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For more detailed information on the real WWII Jump Uniforms click here.

ATF's M1942 Paratrooper Uniforms:
First and foremost these uniforms are not available from any other source. There are other M1942 Para reproductions, but these particular uniforms are specific to us. Yes, I know there are one or two other vendors who claim that they carry the identical products, but they are mistaken, desperate or possibly just full of crap. How am I so sure? Because I provided the original mint condition uniforms, the base patterns, and we deal directly with the factory. These are positively NOT the uniforms made by Sturm that are sold by Sportsmansguide and dozens of small dealers in the US, Europe and all over ebay. Ours look and fit like originals, we use the best hardware available, and I oversized them slightly so they still fit after you wash and dry them.

In 2009, we sent my unissued original 40R jacket and size 34 trousers to the manufacturer and created an entirely new pattern from what we had used previously. I also have a mint condition 42R and 44R jacket here to compare the size grade. These uniforms fit like the real thing. Besides having the correct fit, which most other copies do not, we used American made zinc plated snaps from Scovil. Zippers are genuine Talon brand. Belt buckles are also U.S. made. So, we do not have the tin snaps and paper thin buckles that fail if you look at them.

Fabric & Color: Yes, we are very certain that our uniforms are the same color as the real ones used in WWII. The 8 oz. 100% cotton twill is the same weight as used on the real WWII uniforms. Yes, some reproductions are made from heavier material (approaching denim) - but we're going by the original, not a copy. The uniforms are slightly long to allow for shrinkage.

Reinforcing: We got it right. The olive drab canvas has 3-4 slightly crooked, stitch rows and the elbow and knee patches are actually in the right locations. (Some reproductions place them on the upper arms and thighs for some mysterious reason.)

  • Reinforced Jump Uniforms

    Reinforced Uniforms in WWII
    During early airborne operations in North Africa and Italy, the M1942 uniform was found to be lacking in several areas, most notably strength. The fabric is relatively thin (originals were not made from denim as some characters assume) and some seams should have had extra material added. The knees and elbows wore out easily, the pockets sometimes blew out due to the opening shock of parachutes and the single stitch in the crotch seam led to an awful lot of "free balling".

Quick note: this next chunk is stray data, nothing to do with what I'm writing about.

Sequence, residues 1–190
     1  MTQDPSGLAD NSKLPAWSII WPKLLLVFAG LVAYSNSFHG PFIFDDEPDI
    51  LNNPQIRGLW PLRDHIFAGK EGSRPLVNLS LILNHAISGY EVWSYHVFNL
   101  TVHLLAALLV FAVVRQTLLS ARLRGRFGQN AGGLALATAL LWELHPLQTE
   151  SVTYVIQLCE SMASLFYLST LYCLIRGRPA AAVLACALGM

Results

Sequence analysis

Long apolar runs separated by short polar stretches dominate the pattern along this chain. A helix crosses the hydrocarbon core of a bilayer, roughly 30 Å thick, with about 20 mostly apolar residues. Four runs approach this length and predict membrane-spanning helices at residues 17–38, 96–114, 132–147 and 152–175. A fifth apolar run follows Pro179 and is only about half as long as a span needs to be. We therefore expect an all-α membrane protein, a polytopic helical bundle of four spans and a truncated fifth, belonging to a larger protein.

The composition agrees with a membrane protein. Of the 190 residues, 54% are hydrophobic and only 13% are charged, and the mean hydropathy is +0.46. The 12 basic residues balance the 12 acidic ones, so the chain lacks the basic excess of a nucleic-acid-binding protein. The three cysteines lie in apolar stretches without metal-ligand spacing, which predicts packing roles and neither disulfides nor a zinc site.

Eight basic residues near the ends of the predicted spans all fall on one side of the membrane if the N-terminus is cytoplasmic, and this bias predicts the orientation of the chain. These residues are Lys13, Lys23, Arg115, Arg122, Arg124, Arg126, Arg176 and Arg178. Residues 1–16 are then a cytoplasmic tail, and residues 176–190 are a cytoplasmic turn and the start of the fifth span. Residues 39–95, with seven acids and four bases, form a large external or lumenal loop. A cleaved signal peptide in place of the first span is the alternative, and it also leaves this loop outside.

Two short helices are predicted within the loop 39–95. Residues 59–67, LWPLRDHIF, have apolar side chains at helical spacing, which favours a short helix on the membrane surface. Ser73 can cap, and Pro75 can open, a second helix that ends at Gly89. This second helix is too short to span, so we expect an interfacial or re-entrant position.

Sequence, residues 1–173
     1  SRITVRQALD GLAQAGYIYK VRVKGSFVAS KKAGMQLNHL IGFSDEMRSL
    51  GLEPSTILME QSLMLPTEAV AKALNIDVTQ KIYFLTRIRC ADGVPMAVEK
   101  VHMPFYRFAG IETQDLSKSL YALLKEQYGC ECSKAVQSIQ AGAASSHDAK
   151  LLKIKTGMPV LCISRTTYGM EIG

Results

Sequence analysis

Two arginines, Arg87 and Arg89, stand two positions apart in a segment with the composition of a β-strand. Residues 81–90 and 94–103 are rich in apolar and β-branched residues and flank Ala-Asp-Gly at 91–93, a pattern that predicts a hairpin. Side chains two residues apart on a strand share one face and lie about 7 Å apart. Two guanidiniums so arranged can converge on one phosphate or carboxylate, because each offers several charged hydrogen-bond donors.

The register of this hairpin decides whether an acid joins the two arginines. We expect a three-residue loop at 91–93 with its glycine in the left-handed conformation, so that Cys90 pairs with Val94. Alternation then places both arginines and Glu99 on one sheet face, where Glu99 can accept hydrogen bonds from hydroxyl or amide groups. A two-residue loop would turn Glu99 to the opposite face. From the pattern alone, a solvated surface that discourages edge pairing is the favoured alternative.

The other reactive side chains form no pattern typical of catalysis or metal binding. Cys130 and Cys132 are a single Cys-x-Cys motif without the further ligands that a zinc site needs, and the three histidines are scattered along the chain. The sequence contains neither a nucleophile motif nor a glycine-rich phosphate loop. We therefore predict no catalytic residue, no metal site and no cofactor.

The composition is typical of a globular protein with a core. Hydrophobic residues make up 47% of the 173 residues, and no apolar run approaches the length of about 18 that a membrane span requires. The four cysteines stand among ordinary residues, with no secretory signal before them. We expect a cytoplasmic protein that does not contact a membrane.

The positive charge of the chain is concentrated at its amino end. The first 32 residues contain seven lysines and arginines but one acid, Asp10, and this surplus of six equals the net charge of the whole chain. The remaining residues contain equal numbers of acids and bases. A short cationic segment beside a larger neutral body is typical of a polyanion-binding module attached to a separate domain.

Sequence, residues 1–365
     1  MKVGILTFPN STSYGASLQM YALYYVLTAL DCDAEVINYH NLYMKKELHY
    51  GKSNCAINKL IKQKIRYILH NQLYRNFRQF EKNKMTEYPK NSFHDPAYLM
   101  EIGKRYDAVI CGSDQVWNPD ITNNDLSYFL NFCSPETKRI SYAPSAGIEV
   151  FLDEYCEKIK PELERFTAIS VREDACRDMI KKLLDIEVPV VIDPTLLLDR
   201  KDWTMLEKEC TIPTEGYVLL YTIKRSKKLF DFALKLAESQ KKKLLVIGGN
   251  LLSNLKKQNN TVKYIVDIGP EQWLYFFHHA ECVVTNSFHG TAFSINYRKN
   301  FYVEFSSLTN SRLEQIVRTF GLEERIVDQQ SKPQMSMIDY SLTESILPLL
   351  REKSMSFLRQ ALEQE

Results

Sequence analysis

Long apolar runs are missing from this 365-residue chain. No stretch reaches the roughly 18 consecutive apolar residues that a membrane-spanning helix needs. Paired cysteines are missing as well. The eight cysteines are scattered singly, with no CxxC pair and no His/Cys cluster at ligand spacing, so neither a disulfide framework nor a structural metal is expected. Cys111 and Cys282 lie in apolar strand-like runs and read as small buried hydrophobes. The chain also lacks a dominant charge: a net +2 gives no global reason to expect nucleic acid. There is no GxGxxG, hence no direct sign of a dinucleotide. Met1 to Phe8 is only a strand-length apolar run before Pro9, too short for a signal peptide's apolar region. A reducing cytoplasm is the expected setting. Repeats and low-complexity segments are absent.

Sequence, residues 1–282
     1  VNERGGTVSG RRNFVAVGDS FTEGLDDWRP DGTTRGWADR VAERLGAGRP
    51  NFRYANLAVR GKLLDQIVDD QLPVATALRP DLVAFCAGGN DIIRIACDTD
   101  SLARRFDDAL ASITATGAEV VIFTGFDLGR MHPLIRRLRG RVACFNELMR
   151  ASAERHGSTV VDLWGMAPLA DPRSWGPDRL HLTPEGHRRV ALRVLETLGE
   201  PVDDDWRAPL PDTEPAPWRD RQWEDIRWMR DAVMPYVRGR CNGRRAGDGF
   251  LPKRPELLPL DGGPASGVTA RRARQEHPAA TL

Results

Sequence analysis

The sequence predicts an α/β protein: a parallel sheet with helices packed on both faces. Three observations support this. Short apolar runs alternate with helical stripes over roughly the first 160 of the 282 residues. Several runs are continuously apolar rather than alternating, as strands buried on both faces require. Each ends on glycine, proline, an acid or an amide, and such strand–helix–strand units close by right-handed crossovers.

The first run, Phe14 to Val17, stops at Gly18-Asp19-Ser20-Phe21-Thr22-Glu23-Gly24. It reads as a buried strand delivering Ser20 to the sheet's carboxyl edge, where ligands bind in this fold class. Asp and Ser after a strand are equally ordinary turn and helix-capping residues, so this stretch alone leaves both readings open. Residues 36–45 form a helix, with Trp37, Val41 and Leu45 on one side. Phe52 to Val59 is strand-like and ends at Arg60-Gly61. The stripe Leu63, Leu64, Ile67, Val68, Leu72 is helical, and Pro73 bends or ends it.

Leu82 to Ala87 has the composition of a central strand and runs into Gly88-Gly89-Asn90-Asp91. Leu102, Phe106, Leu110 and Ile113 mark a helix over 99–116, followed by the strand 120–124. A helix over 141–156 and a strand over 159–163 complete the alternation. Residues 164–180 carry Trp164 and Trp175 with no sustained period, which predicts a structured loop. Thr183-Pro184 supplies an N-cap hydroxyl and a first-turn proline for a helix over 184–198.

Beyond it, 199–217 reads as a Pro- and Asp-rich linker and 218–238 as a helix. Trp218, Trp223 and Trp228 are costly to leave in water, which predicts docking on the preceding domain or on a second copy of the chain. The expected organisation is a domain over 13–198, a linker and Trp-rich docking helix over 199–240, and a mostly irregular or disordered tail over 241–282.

Sometime prior to Overlord, divisional riggers were directed to fix these problems. The riggers of the 82nd and 101st each came up with a similar though not quite identical fix. Heavy olive drab canvas was used to make elbow and knee patches, and reinforce the edges of the cargo pockets. Leg ties were added to the trousers to help compress the bulging hip pockets. Small variations exist in the way they are stitched between the 82nd and 101st, but they are essentially the same. Each paratrooper was to turn in one of his two issue sets for reinforcing prior to the Overlord jumps. Just for fun- the stitching on original reinforcing look like crap- the sewing was done in a hurry, and not by "London tailors". Ours are not sewn as unattractively as the real ones, but just FYI.

    What's "correct"? Either uniform or a mix. Many paras did not receive them back in time for the jump, so some had them, others did not. In other words, either style (Standard, reinforced, or a combination) is correct for the period.

    506th Jackets: Many troopers went further and added extra pockets (both inside and out) to their jackets so they could carry more stuff. Pockets were cut from old uniforms and stitched (often by hand) to the jacket they were going to jump in. We copied one of the more common styles, and added pockets to the upper sleeves. This was not exclusive to the 506th (nor did everyone in the 506th do it)- it was simply an easy way to name it.



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